Greetings fellow train enthusiast. What I'm trying to do is show a quarter century of trains on the Tidewater Southern Railroad. I started railfanning the Tidewater Southern around 1972. At that time the crews and equipment were a separate entity but still under the umbrella of the Western Pacific. I hope to show photographically the evolution of trains on the TS (Tidewater Southern).
The TS Ry started out as an interurban electric railway. It was to run from Stockton California to Fresno down the San Joaquin Valley. The Tidewater & Southern Railroad was incorporated to build a standard gauge railroad from Stockton south in 1910. By 1910 the silt had built up to a point it forced back river navigation on the San Joaquin River to Stockton. Earlier boats had been able to navigate as far south as Fresno. Hence the name "Tidewater" in the name was fitting. The T&S RR. laid about four miles of rail on a graded road bed of nine miles between Modesto and Turlock. Another company with the title of Tidewater & Southern Transit Company was incorporated in February 1912. This company graded some roadbed near the Merced River. In March of 1912 these two companies consolidated to form the Tidewater Southern Railway.
Construction continued during 1912 which meant that a stretch of electric railway was able to open in October from Taylor street, Stockton to Modesto for a mileage of 32.23 miles. The first equipment consisted of a home built, wooden steeple-cab, electric locomotive #100 which was built on a flat car. The shops of the Central California Traction Company in Stockton built it to work freight service. Three Jewett-built combination cars numbered #200, #201 and #202 were the first passenger equipment on this little railway. Stockton Electric Railway, a jointly used track with Central California Traction Company was used from the down-town terminal to the city limits. There trains ran on their own track with 1200 volts D.C. with overhead construction for the trolleys.
Tidewater Southern was operating 24 trains daily between Stockton and Modesto in 1916. The 33 mile trip took 65 minutes. Picnic trains were run to the Stanislaus River during nice weather with special rates in effect on Saturday evenings and Sunday roundtrips.
In July, 1916 the Tidewater Southern put its 16 mile extension to Turlock into operation. Plans for further extensions down the valley never materialized with electrification not going past south of Modesto. Interurbans never made it to the passenger depot in Turlock.
The southward extension dovetailed into plans of the Western Pacific Railroad. With that in mind, a majority of stock was purchased in 1917 by the Western Pacific of the Tidewater Southern Railroad. With new ownership Western Pacific steam locomotive 126 was purchased by the Tidewater Southern. A ten-wheeler, it was used in construction of the railroad south of Modesto and renumbered to Tidewater Southern #1. 1917 saw the freight only extension to Hilmar of 8 miles built with it opening in July. March 1918 brought the completion of the freight only Manteca branch of 6.6 miles. The route into Stockton saw a change, by leaving the original route of Sharp Lane, to Ortega on a 3.6 mile line to down-town Stockton in 1917.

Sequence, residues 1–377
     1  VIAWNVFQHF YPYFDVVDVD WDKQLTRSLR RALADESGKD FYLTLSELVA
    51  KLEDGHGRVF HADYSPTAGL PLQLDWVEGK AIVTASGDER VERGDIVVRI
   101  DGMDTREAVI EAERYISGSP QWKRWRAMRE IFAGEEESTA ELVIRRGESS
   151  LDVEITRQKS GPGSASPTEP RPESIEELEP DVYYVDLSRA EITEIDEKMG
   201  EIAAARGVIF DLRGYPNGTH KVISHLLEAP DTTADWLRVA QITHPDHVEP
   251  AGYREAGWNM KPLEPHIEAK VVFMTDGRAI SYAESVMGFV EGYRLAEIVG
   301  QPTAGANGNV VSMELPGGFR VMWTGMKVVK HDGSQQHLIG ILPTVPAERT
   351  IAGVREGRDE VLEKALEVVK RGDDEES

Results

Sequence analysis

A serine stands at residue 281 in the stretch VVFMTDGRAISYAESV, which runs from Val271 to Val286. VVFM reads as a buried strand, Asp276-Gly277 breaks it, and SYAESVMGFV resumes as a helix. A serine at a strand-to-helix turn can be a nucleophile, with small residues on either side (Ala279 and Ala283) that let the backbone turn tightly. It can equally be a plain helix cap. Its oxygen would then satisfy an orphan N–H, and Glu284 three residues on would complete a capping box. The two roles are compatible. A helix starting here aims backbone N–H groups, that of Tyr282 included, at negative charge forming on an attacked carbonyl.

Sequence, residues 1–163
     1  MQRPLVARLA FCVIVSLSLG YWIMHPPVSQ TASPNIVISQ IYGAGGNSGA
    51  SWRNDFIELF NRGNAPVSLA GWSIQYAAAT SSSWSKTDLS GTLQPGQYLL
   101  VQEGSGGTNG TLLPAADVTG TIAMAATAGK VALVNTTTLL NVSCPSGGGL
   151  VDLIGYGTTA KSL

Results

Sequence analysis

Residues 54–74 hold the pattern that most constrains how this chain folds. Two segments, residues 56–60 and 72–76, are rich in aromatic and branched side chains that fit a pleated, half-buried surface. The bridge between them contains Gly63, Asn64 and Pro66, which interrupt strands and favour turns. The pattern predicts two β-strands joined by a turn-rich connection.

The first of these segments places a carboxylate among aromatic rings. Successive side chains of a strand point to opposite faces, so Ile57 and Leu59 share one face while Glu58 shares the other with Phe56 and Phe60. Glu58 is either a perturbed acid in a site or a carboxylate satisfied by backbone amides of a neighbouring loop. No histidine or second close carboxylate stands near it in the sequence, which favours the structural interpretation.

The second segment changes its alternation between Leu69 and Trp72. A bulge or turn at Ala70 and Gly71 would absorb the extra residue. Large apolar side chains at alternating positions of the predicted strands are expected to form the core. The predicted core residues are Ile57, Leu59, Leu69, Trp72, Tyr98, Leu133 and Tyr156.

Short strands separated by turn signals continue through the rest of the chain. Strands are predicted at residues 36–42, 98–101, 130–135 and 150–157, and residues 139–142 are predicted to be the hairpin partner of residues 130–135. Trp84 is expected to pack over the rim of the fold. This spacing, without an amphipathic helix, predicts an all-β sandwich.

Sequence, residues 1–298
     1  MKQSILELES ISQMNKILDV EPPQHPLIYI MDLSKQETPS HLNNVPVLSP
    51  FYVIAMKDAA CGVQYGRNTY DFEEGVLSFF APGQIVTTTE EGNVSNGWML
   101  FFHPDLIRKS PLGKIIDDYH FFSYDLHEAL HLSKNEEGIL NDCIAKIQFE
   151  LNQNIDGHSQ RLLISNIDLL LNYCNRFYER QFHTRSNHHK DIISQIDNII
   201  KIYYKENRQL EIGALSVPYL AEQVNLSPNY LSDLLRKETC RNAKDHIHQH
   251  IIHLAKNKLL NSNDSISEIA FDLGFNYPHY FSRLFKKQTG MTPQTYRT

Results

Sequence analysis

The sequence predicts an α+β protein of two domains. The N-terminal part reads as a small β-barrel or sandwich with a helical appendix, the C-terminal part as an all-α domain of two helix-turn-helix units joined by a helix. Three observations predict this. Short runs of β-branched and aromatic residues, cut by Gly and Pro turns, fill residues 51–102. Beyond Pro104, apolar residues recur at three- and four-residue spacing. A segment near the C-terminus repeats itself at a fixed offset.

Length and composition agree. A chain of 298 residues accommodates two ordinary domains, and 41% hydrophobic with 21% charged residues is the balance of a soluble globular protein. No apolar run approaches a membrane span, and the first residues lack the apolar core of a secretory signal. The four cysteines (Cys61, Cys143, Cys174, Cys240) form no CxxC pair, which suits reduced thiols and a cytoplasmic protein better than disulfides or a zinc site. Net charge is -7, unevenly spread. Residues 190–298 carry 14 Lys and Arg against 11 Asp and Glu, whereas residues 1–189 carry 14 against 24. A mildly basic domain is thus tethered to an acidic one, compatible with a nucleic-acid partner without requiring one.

June 1921 saw the purchase of a standard 60-ton GE freight motor numbered 106. This was to handle the freight traffic which was on the increase. The Tidewater Southern owned two cabooses numbered 301 and 302. Two second hand cabooses replaced the original cabooses in 1939 keeping the same numbers.
Passenger demands brought the use of two Holman-built trailers from the CCT on a as need basis.
Increasing numbers and use of automobiles brought a decline in passenger revenues despite the excellent service. A cut back in service brought the number of trains to 18 and even lower number of 8 trains daily by 1932. The last electric interurban ran on May 26,1932 with the line being cut back to Ortega. Passengers were carried with a daily mixed freight pulled by steam.
The interurban cars were used as caboose-coaches for a short time after being de-motored and trolley equipment removed. Later on they were de-trucked to be used as section houses at Hatch.
With the exception of 2.1 miles between Modesto and north to Aurora and yard trackage, due to a franchise in Modesto barring steam on Ninth Street, all overhead was removed. The two electric motors #100 and #106 continued to haul the freight trains the 1.5 miles down Ninth Street and do the local switching.
Western Pacific steam engines were used often to handle the perishable fruit and vegetable traffic rush. WP # 124 a consolidation was used along with a ten-wheeler form the 90 series engines during these rushes. Sierra Railroad #32 a Baldwin-built 2-6-2 was purchased in 1940 by the Tidewater Southern. This small engine had been built in 1932 for the Angles Branch and was well suited for the former interurban's light trackage. In 1941 it was renumbered to 132 to avoid confusion with WP #32 in Stockton. Tidewater Southern engines were and still are serviced in Stockton at the roundhouse.
During W.W.II the TS would borrow whatever diesel switchers it could,
in desperation, from the WP. This started the dieselization on the
TS, however it wasn't until after the war that the TS was able to purchase
its own diesels. A 44-tonner from GE was purchased in 1947 and given
the number #135. It was purchased in November with the Sacramento
Northern fleet of 44-tonners. April saw the arrival of two 70-ton
GE switchers numbered 141 and 142.